I try to have a routine but many things happen that I wouldn’t necessarily expect so I always try to have some spare time to manage them. And before going to bed, rather late, I always define my to do list for the next day, so that I know exactly where to crack on the next morning.
What’s your greatest/most memorable professional moment been, so far?
Prior to Norigami, it was Shen I signed the largest deal to date for Apple France. Since then, there have been so many since I started this adventure! Last year we organised a supper club in Shoreditch. It was sold out. We had decided to produce a 3-course meal, with Norigami as the main, and the menu was so complex to make that even though we started early in the morning, we were still late and trying to start serving at 9pm.
I was surrounded by 3 amazing ladies who supported me all day and we finally managed to send out the first plates. Later that evening, even though we were all exhausted and stressed, I stood up on a chair and gave a quick speech. At that moment I realised that Norigami was really born and was the sum of the efforts of the team, back of house and front of house. That day was really special to me!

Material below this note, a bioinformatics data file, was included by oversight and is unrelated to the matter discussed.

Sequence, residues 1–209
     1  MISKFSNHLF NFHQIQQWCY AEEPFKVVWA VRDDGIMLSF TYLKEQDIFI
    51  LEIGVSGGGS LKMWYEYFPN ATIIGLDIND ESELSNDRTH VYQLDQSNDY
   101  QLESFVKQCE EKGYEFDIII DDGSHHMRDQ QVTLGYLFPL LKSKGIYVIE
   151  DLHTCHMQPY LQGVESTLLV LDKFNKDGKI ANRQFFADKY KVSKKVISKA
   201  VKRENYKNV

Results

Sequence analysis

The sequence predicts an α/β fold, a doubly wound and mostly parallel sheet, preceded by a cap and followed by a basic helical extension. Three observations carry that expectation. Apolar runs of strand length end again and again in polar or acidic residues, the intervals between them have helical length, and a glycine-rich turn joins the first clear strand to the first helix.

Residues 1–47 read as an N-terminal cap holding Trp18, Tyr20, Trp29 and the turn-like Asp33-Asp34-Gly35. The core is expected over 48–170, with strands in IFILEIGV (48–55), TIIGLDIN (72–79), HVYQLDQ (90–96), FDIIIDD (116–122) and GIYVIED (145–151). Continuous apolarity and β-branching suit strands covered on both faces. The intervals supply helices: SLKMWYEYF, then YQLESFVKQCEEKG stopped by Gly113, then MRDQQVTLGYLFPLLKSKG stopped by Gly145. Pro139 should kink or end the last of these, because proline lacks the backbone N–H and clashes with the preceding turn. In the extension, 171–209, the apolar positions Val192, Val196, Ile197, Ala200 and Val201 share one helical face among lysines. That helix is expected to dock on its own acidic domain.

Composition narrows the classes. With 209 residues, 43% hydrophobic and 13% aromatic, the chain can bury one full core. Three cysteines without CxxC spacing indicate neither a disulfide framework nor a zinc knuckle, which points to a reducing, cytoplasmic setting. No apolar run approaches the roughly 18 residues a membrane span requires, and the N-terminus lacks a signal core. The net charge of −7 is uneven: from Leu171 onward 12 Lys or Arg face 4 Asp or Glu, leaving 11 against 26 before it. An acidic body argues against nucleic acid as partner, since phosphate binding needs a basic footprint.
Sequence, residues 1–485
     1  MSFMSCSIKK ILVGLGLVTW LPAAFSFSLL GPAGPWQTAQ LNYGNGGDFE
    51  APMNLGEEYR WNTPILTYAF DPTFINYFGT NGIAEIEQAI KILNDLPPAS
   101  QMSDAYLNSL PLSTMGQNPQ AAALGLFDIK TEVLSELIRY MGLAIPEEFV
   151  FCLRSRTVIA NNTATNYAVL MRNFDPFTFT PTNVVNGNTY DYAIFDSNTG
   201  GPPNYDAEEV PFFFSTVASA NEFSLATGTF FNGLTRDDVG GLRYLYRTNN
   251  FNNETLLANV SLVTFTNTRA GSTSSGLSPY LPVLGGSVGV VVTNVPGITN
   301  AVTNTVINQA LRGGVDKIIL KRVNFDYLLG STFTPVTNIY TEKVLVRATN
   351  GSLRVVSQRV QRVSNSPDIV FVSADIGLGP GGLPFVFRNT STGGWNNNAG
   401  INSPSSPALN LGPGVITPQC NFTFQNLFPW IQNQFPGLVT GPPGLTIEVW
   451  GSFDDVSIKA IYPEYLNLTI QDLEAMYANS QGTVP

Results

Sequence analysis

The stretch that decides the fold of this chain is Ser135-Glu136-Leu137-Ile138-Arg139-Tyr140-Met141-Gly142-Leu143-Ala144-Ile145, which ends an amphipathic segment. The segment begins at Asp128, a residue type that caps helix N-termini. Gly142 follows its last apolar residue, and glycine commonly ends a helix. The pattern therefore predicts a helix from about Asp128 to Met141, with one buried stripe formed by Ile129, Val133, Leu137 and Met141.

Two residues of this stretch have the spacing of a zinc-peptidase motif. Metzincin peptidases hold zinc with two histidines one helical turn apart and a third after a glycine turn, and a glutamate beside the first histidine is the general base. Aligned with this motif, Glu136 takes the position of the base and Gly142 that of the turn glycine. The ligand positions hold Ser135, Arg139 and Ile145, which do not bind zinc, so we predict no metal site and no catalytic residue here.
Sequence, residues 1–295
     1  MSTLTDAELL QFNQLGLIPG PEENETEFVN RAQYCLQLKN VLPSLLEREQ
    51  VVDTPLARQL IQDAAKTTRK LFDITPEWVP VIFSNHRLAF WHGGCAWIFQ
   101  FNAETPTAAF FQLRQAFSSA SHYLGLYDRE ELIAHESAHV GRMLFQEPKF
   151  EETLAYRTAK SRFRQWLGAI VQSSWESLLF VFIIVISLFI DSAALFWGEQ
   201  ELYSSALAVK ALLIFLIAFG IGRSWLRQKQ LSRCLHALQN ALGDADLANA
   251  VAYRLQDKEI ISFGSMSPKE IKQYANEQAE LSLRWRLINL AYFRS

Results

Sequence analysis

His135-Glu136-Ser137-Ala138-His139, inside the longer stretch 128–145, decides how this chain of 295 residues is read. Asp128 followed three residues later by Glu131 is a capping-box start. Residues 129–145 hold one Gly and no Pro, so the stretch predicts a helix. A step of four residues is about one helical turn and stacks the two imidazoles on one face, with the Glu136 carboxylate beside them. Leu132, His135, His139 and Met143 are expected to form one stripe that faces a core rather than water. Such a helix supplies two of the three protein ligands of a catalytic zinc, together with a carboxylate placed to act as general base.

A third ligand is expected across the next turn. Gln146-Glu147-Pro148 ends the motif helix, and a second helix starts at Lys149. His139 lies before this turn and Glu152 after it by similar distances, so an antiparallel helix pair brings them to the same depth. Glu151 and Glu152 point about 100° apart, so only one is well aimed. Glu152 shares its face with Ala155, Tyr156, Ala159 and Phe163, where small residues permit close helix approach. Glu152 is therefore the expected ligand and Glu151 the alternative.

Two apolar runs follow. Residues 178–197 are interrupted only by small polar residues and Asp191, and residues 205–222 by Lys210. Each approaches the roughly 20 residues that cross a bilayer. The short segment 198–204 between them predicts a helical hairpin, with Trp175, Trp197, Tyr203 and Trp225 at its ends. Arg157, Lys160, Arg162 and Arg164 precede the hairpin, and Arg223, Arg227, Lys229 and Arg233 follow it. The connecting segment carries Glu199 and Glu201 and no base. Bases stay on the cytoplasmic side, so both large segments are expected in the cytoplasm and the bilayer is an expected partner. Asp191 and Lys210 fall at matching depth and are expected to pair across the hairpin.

Where do you get your ideas?
Mostly from observation. I usually feel like this ingredient or that combination could be good, or could work, if we did it like that instead. Also from my palate. I eat a lot of food, I try everything. I like to experience all good things. My mind keeps all these flavours into my database. All I do is what sommeliers usually do, I combine things and see if it works.
What’s your philosophy, summed up in a sentence?
Right now, it’s: we have two lives. And we start living when we realise we only have one.
What’s the biggest challenge you’ve had, how did you overcome it, and what did you learn from it?
Norigami is by far my biggest challenge. I have never accomplished anything of this size before. And I think that if I had known how difficult it would be, I would have given up right away! But it is also the most rewarding experience of my life, because every victory is worth the battle. As I was told at Apple, you can’t eat an elephant in one bite, so take one bite of it every day, and you’ll eventually eat it up.
Norigami has taught me a lot: patience, but also determination, to listen to others but keep your head clear and trust your gut feelings, be humble but do not give in, unless you come to the conclusion that it’s best for the business. And also that my corporate skills are very useful in a startup.
Who’s the person who’s most inspired you in your work? Is there anyone that you draw inspiration or strength from, or do you have any specific influences?
My father is the best cook I know, and some of my favourite memories, from both my childhood and recent past involve cooking with him. He opened up my mind to flavours and combinations, and that passion has always stayed with me. He also used to be a food photographer, so the visual beauty of the food also influenced me from a young age.
What do you enjoy most and least about what you do?